According to the Kauffman Foundation, which reports every March on entrepreneurship trends in the United States, new businesses were started at a higher rate in 2009 and 2010 than at any time in the previous 15 years. As I launch Cochituate Media, my editorial consulting business, being part of a trend–even if it’s a trend founded at least in part upon economic woe–makes self-employment slightly less terrifying. Though I made a choice to do this (I left a job as executive editor of CIO magazine earlier this month), not everyone who started a company in the past four years, including some close friends and colleagues, planned on it.
Starting a business feels a bit like I imagine it would to jump out of an airplane (which I have no plans to do, ever). Exhilarating, provided the parachute opens and you don’t land on sharp rocks. It helps to have role models. Mine include my grandmother, who, when she needed money to support her family, started cooking meals for fellow tenants in her apartment building, and ended up running her own bakery until she retired. Also my great-aunt, a talented milliner with her own shop. And my grandfather-in-law. He wired homes to the power grid during the Great Depression, then sold his customers washers, dryers and refrigerators. The appliance business he built endured 70 years.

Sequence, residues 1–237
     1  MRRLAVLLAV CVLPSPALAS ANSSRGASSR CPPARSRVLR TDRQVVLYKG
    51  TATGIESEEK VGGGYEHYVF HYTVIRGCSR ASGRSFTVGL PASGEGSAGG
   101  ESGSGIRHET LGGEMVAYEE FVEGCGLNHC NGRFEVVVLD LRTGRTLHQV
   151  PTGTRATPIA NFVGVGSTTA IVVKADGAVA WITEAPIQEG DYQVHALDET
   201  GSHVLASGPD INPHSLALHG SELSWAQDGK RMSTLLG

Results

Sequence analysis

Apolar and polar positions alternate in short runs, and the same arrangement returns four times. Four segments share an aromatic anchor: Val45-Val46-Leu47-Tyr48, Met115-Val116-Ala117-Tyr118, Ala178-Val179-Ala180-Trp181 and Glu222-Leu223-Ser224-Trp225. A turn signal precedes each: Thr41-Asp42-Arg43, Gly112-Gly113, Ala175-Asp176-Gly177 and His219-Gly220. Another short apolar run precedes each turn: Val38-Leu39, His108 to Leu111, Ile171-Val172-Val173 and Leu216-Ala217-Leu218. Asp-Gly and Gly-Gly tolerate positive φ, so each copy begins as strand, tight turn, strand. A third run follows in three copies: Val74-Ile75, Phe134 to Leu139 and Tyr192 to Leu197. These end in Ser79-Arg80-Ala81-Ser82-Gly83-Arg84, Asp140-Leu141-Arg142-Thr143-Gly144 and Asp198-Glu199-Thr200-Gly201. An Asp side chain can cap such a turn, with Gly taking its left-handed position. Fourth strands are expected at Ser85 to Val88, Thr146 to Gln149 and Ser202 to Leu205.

And so, here I go.
For now, I’ll use this blog to share what I’m learning about being self-employed, let you know what I’m up to and to think out loud about what I’m reading about or working on. I’m certain it will evolve along with my business, and I look forward to it becoming a place for conversation.